Vallone says three or four students received the check in the mail with one student coming very close to sending the money order. This incident was the first and only breach through Bulldogs 4 Hire.
“What makes it really tough is that we promote Bulldogs 4 Hire as a great way to post your resume—and safely—because it’s almost job search while you sleep. Employers can look if you’ve made your resume visible to employers,” said Vallone. “That’s when I work really hard to make sure employers are legitimate viable employers that are looking at our student resumes.”
Vallone calls up many local employers to make sure real people at their companies requested accounts on Bulldogs 4 Hire.
According to the Internal Revenue Service (IRS), companies are increasingly becoming targets of scams as well with cyber criminals posing as company executives or the government and asking for W-2s, which contain Social Security numbers, dates of birth, addresses and other personal identifiable information.
“Ransomware is where somebody tricks you into opening, usually a document or a file that has software in it, and what it does, is it encrypts files on whatever computers or computer you have access to,” said Clay.
After this occurs, a message pops up on the computer ordering the person to pay a certain amount of money in Bitcoins, an online currency, within a certain amount of time. The threat is made that if the deadline is not met, all the files will be permanently inaccessible.
This is when Clay hopes that the person regularly backs up their files and can ignore the ransomware. Unfortunately, some hospitals have paid the ransom in order to obtain access to patients’ records.
“I haven’t heard of cases where people pay the ransom and don’t get their files decrypted, but again, you’re dealing with a criminal,” said Clay, so someone could send the money and not get the files back.
DeSales did have a ransomware incident where a student received an email that looked like it was from their own personal account with a word document inside.
Ultimately, the cyber security industry hopes that artificial intelligence will aid in picking up suspicious emails.
Protection against scams
IT protects the network by keeping a good encryption between the systems students interact with. There are multiple levels of firewalls and segmented networks.
“I want the next generation of our students going out into the world and not be the people falling for phishing scams at their jobs,” said Clay.
She reiterates that students need to have a lot of skepticism. When students are not sure if emails are legitimate or not, students can forward emails to firstname.lastname@example.org; however, “when in doubt, delete it,” said Clay.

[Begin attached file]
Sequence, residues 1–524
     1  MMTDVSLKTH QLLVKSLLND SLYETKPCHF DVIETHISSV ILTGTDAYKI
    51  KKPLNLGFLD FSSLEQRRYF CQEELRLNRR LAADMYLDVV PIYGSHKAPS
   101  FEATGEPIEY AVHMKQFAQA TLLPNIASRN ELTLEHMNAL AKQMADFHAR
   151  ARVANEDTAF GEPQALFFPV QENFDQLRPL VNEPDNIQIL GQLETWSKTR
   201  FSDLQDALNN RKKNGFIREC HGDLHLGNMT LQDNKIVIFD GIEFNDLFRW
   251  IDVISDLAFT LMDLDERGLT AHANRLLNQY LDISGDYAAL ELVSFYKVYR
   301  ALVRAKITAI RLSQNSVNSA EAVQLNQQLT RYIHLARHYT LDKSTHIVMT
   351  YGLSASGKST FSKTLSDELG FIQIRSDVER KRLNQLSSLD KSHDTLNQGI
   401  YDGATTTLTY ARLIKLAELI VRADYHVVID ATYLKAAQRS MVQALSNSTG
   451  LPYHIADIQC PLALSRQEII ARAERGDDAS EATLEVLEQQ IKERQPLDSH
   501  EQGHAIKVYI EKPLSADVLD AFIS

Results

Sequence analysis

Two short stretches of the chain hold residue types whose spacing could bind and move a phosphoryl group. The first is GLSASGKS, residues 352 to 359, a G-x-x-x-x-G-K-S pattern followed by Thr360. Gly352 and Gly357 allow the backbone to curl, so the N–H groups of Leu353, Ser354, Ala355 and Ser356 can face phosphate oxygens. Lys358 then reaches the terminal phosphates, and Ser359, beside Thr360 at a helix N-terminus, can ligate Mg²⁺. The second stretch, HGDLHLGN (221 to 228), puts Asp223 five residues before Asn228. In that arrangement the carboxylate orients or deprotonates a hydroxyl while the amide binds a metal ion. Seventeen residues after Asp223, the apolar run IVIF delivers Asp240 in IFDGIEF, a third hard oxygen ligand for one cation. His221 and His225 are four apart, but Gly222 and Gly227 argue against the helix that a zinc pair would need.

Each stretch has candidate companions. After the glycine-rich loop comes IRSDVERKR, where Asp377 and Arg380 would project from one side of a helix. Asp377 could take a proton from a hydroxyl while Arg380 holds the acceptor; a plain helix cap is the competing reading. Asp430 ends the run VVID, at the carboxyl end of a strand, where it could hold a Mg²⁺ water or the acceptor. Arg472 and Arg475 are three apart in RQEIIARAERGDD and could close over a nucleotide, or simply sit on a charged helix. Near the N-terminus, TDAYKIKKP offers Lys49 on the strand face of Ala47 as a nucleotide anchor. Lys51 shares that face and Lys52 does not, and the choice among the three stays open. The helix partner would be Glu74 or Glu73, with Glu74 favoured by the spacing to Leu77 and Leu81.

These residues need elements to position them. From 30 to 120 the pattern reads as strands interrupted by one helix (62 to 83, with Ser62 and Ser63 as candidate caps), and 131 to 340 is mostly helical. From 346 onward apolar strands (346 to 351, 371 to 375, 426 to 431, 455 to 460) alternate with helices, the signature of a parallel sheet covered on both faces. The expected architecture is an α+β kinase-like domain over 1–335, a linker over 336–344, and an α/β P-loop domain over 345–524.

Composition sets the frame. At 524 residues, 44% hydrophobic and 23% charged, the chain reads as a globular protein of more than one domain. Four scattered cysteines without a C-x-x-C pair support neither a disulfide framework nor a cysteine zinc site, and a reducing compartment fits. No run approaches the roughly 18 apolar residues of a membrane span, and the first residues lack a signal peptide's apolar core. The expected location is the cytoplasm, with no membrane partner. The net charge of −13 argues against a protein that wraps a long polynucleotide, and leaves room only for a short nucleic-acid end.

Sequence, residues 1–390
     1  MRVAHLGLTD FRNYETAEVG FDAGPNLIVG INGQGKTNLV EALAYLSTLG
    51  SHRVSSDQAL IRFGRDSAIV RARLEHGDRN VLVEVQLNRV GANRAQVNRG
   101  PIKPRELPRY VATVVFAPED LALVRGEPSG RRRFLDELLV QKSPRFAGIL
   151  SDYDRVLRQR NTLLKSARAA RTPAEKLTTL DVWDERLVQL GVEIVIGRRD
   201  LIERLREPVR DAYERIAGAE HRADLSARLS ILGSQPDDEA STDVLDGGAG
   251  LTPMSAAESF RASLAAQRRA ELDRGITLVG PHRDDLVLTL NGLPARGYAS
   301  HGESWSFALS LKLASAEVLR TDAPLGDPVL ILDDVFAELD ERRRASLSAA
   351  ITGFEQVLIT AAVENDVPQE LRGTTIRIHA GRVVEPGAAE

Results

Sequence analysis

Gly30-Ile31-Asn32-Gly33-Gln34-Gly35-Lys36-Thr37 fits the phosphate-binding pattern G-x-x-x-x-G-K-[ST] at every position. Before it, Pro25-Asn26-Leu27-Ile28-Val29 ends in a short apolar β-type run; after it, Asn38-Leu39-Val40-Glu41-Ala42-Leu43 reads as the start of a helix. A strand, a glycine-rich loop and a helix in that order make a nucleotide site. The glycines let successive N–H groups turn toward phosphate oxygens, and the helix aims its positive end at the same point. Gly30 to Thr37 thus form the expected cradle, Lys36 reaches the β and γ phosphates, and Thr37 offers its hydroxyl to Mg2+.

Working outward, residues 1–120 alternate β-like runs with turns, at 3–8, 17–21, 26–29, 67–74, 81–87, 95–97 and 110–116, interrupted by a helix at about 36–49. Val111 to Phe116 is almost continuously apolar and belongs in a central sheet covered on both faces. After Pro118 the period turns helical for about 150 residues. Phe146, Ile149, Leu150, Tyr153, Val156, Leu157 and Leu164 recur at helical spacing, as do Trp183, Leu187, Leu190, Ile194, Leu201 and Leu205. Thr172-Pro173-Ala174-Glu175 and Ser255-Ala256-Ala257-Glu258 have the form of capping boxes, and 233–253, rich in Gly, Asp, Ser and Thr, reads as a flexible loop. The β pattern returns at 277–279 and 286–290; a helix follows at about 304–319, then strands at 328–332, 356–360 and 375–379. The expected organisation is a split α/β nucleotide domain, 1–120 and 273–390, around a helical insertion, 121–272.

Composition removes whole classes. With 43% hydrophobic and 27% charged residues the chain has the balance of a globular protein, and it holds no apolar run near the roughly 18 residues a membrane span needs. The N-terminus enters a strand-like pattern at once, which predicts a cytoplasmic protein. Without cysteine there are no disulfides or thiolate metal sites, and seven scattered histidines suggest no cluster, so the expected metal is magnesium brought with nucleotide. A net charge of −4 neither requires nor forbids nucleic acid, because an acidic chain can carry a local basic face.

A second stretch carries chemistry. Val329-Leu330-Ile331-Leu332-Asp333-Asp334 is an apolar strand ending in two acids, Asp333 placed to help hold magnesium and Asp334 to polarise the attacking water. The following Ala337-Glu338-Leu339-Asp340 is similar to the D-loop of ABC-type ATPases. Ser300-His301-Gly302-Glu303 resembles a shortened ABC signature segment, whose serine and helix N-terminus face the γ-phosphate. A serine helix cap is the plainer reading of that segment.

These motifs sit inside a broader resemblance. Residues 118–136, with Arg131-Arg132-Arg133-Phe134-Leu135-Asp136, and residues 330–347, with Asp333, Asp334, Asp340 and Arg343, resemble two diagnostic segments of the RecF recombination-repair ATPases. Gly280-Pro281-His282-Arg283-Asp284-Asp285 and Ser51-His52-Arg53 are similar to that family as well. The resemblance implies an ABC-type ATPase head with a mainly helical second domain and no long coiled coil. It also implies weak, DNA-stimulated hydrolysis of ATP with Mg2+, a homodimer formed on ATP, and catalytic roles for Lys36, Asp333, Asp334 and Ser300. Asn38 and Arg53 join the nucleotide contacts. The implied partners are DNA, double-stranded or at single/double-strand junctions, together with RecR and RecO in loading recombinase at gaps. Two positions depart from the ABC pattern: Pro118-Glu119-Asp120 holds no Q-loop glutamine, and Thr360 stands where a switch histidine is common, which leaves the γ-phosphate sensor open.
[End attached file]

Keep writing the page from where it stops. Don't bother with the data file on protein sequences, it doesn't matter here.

If a password is compromised, be sure to make sure that password is not used for any other login or that site can be comprised as well.
Students should use a different password for everything and although that sounds like a difficult feat, free password-manager websites and apps, such as LastPass and 1Password, allows all of a student’s passwords to be stored in one place.
Strong authentication, also known as multi-factor or two- factor authentication, is a great tool to utilize as well. Many websites and apps offer this to protect accounts and ensure it’s the account owner, not criminals, accessing the account.
The three most common types of strong authentication are by using a security key (a small device, such as one that plugs into a USB port, to use when logging in), biometrics (such as fingerprints or cameras) and one-time codes (sent to you by a text or through an app to be entered into the website when logging in).
In the case of job searches, always be skeptical of offers that sound too good to be true. If the email says the recipient already has the job, when he or she never applied or was interviewed, the recipient should not respond. Many of the scammers are not native English speakers so look for poor grammar and spelling. Any companies asking for personal information are red flags as well.
Vallone suggests that when posting resumes on public sites like Indeed or LinkedIn to only list cities and states. Do not post full physical addresses online.
Overall, the more people become connected to the Internet, the more ways there are for scammers to find them so it is increasingly important to be skeptical and know how to protect personal information.